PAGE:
ONE of the admirable things about Holy Trinity, Brompton, in one
of the wealthiest parts of London, is that it does not despise poor
people. This may seem a small accomplishment, until you consider
the commoner attitudes among people who run the country, or even
those who merely went to school among the elite.
Here, for instance, is a leader from The Times: "The
people there have always been listless, improvident, and wretched,
under whatever rulers. . . Their present misfortune is that they
are simply what they have always been. . .
"When we see a dense population on one of the finest shores of
the world, with an inexhaustible ocean before their eyes, yearly
allowing immense shoals of fish to pass visibly before their eyes,
with scarcely an effort to exact a toll from the passing masses of
food, we must either rebuke their perverseness or pity their savage
condition. We do pity them, because they have yet to be
I'm cheating, slightly, because that was written in 1848, and
about the Irish, at the height of the potato famine.
But compare and contrast Monday's Times leader on those
who starve in England today: "Volunteers at food banks are already
bringing their skills to the food-poverty challenge. In the
best-run food banks, they ensure that people have to prove real
need and face searching questions about their circumstances.
"The answers to these questions are used to help people to
tackle the underlying reasons for their need, whether that is bad
financial management, an addiction or, for example, a mishandling
of their benefit claim."
Of course, a starving claimant has about as much chance of
getting the money to which he or she is entitled as an Irish
crofter had of swimming out and catching a haddock with his bare
hands to feed his family. So you can see what the Archbishop is up
STARTING in The Mail on Sunday was, then, a shrewd way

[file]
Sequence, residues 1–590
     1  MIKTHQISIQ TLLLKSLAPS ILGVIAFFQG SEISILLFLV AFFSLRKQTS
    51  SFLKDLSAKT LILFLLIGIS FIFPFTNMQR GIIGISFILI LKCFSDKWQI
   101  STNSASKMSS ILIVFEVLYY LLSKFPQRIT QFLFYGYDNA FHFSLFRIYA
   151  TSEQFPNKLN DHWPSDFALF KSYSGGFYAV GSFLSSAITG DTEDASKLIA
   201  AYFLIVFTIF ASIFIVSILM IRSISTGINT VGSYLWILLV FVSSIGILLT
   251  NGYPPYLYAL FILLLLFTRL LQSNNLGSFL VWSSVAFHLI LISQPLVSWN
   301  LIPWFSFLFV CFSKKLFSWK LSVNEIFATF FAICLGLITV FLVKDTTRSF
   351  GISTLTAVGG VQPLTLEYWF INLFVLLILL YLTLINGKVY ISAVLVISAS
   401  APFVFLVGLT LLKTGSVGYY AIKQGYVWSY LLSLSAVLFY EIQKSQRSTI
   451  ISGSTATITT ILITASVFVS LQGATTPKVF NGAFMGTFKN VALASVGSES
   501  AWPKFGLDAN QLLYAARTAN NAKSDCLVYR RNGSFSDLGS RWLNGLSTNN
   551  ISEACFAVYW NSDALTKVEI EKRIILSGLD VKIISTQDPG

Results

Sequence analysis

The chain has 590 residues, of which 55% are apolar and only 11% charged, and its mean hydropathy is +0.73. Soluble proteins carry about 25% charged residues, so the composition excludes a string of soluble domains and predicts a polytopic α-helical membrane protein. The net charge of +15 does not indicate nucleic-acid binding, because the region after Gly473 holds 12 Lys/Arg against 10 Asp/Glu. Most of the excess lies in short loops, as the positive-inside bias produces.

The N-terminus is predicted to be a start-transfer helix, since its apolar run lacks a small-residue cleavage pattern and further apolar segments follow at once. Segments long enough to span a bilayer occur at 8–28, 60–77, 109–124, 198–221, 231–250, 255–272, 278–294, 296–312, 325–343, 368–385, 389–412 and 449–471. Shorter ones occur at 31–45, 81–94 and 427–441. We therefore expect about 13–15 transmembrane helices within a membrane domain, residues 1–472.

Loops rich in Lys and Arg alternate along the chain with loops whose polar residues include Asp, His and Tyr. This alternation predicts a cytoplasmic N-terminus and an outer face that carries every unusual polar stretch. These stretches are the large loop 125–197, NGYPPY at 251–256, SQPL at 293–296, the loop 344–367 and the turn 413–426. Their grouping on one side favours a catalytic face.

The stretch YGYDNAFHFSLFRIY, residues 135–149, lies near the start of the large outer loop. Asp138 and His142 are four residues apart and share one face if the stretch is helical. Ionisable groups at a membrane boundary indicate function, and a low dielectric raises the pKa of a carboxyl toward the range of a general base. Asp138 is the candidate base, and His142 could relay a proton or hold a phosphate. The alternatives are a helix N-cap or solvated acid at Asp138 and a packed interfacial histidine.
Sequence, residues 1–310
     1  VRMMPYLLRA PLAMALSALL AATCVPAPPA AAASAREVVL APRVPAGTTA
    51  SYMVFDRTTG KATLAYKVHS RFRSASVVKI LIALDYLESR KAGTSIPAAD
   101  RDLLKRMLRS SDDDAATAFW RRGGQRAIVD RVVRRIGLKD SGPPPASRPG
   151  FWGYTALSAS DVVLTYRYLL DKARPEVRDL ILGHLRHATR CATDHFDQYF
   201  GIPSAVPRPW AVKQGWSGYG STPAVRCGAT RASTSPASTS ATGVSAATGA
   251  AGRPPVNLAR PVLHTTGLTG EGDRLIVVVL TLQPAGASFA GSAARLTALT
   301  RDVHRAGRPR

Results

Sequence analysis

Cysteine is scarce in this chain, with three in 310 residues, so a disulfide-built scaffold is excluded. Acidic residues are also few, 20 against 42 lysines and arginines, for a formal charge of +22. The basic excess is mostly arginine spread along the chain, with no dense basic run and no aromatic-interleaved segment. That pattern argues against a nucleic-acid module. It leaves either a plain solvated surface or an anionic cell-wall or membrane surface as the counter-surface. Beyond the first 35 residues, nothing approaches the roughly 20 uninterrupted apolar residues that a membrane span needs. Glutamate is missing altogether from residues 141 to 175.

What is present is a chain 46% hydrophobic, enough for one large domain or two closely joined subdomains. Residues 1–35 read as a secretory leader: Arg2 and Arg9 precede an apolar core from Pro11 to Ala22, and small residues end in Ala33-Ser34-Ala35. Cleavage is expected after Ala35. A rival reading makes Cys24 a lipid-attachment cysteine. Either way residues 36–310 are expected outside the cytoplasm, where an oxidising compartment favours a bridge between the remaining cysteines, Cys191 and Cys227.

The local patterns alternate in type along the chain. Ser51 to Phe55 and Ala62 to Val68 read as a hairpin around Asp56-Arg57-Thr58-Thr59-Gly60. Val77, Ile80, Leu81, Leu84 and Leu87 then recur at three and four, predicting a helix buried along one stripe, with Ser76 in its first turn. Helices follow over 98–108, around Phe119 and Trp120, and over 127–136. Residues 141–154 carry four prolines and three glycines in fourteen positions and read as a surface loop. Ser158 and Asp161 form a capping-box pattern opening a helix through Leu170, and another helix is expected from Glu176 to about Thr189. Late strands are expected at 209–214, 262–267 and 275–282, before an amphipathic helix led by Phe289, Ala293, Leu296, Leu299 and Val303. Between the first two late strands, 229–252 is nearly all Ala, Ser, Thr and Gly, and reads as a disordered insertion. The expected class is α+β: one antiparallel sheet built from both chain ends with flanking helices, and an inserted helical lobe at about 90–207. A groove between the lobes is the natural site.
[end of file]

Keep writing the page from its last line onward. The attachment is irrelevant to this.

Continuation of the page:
to get his point across. It guaranteed the enmity of the Daily
Mail (which hates its Sunday sibling, as is traditional in
these relationships) - but the Daily Mail would have had a
go at him anyway. And it did reach a large audience that would
normally be pretty unsympathetic to the claims of foodbank
They would not normally expect to hear that "hunger stalks large
parts of our country.
"For many this will have resulted from a sudden crisis or an
event which has thrown life's certainties into the air. Things pile
up. One person the inquiry heard from had stopped to help someone
who collapsed on the street. He missed his appointment and lost his
benefits for a while.
"The scenario here can often be mercilessly straightforward:
when an additional expense arrives out of the blue or expected
income is missed, bare cupboards and empty stomachs swiftly follow.
Even being in work and earning money no longer appears to offer
complete protection against these situations."
What caught the imagination was his introduction: that hunger in
this country shocked him more than destitution in Zaïre. This was
an example of the way that "Archbishop says something obviously
true" will always make a news story.
I am told that John Humphrys had prepared a whole line of
incredulous questioning about how anyone could compare British
poverty with that of an African country ravaged by decades of war.
Never mind that the Archbishop did not say it was worse, just more
shocking. Refusing interviews was an excellent tactic here.
AS FOR the substantive proposals, results were mixed. The most
ingenious came from Rachel Sylvester, in The Times, who
tried to cast the report as an argument between Iain Duncan Smith,
imaginatively cast as a defender of the poor, and the heartless
The Guardian was and is uneasy about the whole idea of
foodbanks. The fear is that they will be used to shrug off the
state's responsibility for feeding people. So the leader ended:
"Food bank volunteers are motivated by good, often Christian,
ethics, which people of all political persuasions should salute.
But much of the new hunger is the responsibility of Messrs Cameron
and Osborne. And there is no apolitical way to say that."
For the Daily Mail, opinion came, as usual, wrapped as
news: "The Archbishop of Canterbury was warned not to become a
'political pawn' last night after calling for state-backed food
"But yesterday senior Tories criticised the clergyman for
supporting the 'nationalisation' of food banks. In addition, the
MPs' study found that families' lack of money was not the only
"The all-party Commons group on hunger warned that some parents
spend far too much money on cigarettes, alcohol, takeaways and
other 'non-essential items of expenditure' because they lack basic
Also, they don't go fishing in the sea at all, despite the known
fact that it is full of fish.